The Yale Investments Office is notoriously guarded about its holdings. But this year’s endowment report, released last month, shows that the office is making a new push to invest in environmentally sustainable companies, a move that one investment expert called significant for green industries.
According to the annual report, which describes the $16 billion endowment’s performance and outlines the University’s investment strategy, companies dedicated to increasing energy efficiency are likely to do well in light of increased public awareness of global climate change. Yale invested in nine sustainable-technology companies in the past year and allocated over $100 million dollars from the University’s venture capital portfolio — more than 6.4 percent — to other similar companies, which the report calls “cleantech.”
“The next crop of success stories may just spring from the cleantech space,” the report said.
Yale’s most recent endowment publication is a “landmark report,” said Cary Krosinsky, vice president of the international environmental research company TruCost and a professor of sustainable investing at Columbia University, because it is the first large endowment publicly promoting investment in green ventures that he has heard of.
“This is very big news,” he said.
This is the first time Yale has publicly reported any of its sustainable investments, and Krosinsky said he thinks the report represents a conscious decision to publicize what they are doing. He said though Yale has performed well on sustainability rankings, it has been criticized for the endowment’s lack of transparency; the Investments Office, Krosinsky said, is sensitive to how it is perceived.
This perception has been affected by allegations that the Investments Office has invested in HEI Hotels & Resorts, a firm accused of intimidating union workers, and Wagner Forest Management, a company that is controversially leasing land in Vermont for windmill development.
One student group, the Yale Responsible Endowment Project, has protested Yale’s investment in HEI and appealed to the Advisory Committee on Investor Responsibility to increase the endowment’s transparency.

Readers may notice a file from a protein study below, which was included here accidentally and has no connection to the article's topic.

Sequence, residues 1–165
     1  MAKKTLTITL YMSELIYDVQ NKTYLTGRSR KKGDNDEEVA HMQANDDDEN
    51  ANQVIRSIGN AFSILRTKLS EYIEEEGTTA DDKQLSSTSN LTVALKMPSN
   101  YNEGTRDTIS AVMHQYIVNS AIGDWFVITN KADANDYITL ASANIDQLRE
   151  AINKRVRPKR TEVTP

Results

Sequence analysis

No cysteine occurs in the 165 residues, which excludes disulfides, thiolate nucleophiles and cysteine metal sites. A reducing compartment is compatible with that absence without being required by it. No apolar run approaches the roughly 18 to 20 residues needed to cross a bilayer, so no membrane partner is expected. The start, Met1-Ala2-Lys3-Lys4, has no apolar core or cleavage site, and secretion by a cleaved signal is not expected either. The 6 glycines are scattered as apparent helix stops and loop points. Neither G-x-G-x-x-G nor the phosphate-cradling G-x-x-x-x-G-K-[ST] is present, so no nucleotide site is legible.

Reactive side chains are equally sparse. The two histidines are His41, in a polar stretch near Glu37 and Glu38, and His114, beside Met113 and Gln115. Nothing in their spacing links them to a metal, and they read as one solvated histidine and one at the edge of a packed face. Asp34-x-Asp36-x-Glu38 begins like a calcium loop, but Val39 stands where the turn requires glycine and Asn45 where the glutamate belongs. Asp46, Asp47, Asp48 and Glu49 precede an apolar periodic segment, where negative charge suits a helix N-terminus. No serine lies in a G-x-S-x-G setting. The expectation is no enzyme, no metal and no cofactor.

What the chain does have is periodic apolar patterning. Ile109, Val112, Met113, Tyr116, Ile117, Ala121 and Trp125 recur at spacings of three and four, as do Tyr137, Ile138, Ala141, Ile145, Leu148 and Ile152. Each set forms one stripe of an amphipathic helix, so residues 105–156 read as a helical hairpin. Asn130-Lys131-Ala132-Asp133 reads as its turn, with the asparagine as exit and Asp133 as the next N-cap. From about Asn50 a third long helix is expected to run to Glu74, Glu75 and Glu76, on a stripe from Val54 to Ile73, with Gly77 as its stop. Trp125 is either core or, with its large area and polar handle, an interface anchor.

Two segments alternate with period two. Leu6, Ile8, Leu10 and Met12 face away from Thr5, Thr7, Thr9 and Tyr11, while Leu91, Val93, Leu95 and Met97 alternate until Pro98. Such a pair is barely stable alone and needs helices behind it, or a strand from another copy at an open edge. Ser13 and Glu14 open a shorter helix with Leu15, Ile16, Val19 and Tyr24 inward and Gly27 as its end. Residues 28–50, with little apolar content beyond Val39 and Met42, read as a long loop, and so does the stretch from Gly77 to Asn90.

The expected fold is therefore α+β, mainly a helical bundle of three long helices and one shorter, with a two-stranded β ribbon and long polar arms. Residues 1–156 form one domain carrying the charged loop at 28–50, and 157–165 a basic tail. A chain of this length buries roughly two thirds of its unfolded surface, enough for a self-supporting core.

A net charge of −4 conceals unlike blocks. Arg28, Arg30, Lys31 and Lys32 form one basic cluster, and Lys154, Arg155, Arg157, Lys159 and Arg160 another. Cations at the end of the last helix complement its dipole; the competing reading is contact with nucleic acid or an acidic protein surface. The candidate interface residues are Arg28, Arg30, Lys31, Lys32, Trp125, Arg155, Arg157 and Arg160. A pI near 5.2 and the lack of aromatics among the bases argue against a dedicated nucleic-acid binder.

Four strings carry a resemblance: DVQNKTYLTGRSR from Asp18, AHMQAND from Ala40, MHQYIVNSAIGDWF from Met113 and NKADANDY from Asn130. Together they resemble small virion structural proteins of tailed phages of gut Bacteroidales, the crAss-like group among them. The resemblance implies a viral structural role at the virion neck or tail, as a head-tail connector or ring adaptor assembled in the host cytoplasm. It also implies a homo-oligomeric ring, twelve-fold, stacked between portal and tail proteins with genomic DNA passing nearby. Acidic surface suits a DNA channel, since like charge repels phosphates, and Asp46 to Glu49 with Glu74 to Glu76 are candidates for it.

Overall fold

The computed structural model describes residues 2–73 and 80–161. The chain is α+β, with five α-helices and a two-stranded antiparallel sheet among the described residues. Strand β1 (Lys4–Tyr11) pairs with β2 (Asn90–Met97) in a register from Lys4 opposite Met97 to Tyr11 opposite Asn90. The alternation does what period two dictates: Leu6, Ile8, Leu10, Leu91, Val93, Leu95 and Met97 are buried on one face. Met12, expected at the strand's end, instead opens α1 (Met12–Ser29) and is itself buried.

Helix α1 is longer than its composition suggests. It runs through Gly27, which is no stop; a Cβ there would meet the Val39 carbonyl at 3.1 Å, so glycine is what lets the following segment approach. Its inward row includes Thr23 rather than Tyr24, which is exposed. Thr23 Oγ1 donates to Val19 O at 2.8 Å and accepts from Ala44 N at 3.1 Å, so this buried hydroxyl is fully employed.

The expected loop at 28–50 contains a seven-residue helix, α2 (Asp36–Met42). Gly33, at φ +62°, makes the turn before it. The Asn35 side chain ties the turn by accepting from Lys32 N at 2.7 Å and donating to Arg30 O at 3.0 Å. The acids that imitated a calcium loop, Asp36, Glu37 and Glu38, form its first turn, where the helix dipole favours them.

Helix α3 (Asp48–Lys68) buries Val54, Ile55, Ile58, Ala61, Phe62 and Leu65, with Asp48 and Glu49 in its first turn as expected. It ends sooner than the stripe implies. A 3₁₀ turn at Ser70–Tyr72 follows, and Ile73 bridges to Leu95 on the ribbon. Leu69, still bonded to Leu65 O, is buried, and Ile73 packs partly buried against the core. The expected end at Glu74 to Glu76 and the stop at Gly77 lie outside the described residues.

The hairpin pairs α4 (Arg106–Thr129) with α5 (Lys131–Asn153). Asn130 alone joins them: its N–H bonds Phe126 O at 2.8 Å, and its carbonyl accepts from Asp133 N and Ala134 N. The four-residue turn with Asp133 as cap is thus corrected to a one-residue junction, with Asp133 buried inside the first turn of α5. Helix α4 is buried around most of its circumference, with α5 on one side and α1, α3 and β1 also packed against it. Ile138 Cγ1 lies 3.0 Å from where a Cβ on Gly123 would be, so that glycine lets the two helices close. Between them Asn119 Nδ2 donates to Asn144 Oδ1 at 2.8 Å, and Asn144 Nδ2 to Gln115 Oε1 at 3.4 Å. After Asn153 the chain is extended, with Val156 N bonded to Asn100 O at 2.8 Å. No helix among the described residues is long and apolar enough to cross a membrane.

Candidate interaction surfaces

Aaron Podolny ’12, a member of the Yale Responsible Endowment Project, said he is glad the Investments Office is concerned with sustainability. But he added that he is not confident that the rest of Yale’s endowment is so sustainable.
“Yale is clearly a diversified investor,” he said. “And when they are in investments that could use improvement in terms of sustainability, it is really important that they take an active role.”
This year, Yale received an A- on the College Sustainability Report Card, created by the Sustainable Endowments Institute, up from a B+ the year before. Both years, the University got straight As in all categories, except in “endowment transparency,” in which the grade went from an F to a D.
The report only gave the specifics of four of Yale’s sustainable investments, including two American companies. One of them, Redwood City, Calif.-based Silver Spring Networks, helps utilities companies switch to energy-efficient power grids with meters and better coil technology. The other is Boston-based research and development firm Mascoma. Yale also cited its investment in two Chinese companies: windmill producer HT Blade and Suntech Power Holdings, which is the largest solar cell manufacturer in the world, according to the report.
Krosinsky said he is familiar with two of the specific companies mentioned, Silver Spring and Suntech, because his sustainable investing class at Columbia focused on them. He said Suntech is very transparent and well-run, and Silver Spring is “among the more innovative and exciting companies” in the sustainability field.
The recent endowment report also disclosed that Yale increased the percentage of the assets it invests in private equity — from 21 percent last fiscal year to 26 percent — and real assets such as timber, oil and gas, from 29 percent to 37 percent.